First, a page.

Nowadays, I have complicated opinions on the notion of women having to behave like men (or else in a manner deemed more palatable and worthy of respect to men) in order to get ahead in mainstream patriarchal society.

(So too am continually ambivalent about my fondness for the high fantasy trope of the roguish soldier of fortune, which has zero basis for comparison with medieval mercenaries from history.)

That said, I appreciated this commentary in Winds of Fate on women, work, the expectation of exceptionalism, and how it often backfires nonetheless that still holds true to this day.

So too did I (and do still) value the lesson that there’s often more to ourselves than we realize.  That a role we assume with relative ease often isn’t a role at all, and that deep inside, we’re usually already the people we most want to be.

Are there any characters from books you read in your youth that have stuck with you over the years?  Who are they and what was it about them that influenced you so?  Tell me about it in the comments.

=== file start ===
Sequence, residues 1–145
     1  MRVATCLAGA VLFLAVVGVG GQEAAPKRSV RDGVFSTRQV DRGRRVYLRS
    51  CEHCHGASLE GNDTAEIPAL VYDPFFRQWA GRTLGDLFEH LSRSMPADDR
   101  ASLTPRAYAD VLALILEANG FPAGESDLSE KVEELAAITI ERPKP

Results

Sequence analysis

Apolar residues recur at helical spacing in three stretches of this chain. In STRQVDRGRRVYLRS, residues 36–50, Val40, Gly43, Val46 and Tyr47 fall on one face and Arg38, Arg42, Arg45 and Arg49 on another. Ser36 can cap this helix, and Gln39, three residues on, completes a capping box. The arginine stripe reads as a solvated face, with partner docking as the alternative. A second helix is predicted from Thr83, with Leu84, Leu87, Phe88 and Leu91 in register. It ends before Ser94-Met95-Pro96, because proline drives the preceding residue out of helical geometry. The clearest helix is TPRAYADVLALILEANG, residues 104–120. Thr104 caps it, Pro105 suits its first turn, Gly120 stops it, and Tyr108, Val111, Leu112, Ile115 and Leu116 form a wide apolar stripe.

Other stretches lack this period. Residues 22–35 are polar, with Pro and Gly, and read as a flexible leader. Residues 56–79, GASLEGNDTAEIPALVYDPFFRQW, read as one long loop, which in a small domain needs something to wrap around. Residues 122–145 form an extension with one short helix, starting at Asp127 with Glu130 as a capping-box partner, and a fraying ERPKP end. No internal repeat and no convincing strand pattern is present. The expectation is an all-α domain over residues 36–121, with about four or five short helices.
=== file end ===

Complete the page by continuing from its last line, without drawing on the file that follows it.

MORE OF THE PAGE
(Image source #1 and #2)

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4 thoughts on “Another Favourite Warrior Woman Character (and an important lesson about self-discovery by disguise)

  1. I reread, every year or so, a children’s book called The Other Side of the Moon, by Meriol Trevor. The character of Anselm Wainwright, the Navigator, who loses his sight but gets to hear the music of the spheres while saving a civilization on the unseen side of the moon (this was before Sputnik and the moon landings) has stayed with me and I made sure I passed it on to my children. The writing is amazing, the theology is hidden deeply in the characters, and it’s just an all-around marvelous story (except for the complications of us knowing what the other side hasn’t now).

    It was published by Sheed & Ward, I believe a Catholic publisher, long ago, and Ms. Trevor went on to write theology later in life (as did Dorothy L. Sayers). Women of that depth of character often imbue their writing with symbolism and details that can only be understood because that’s the way they viewed the world. It isn’t a coincidence that the Peter Wimsey stories, especially the last ones where Lord Peter courts his Harriet Vane, are also my favorites. The stories are just different – not religious per se, but having something other writers, such as Tolkien, also have.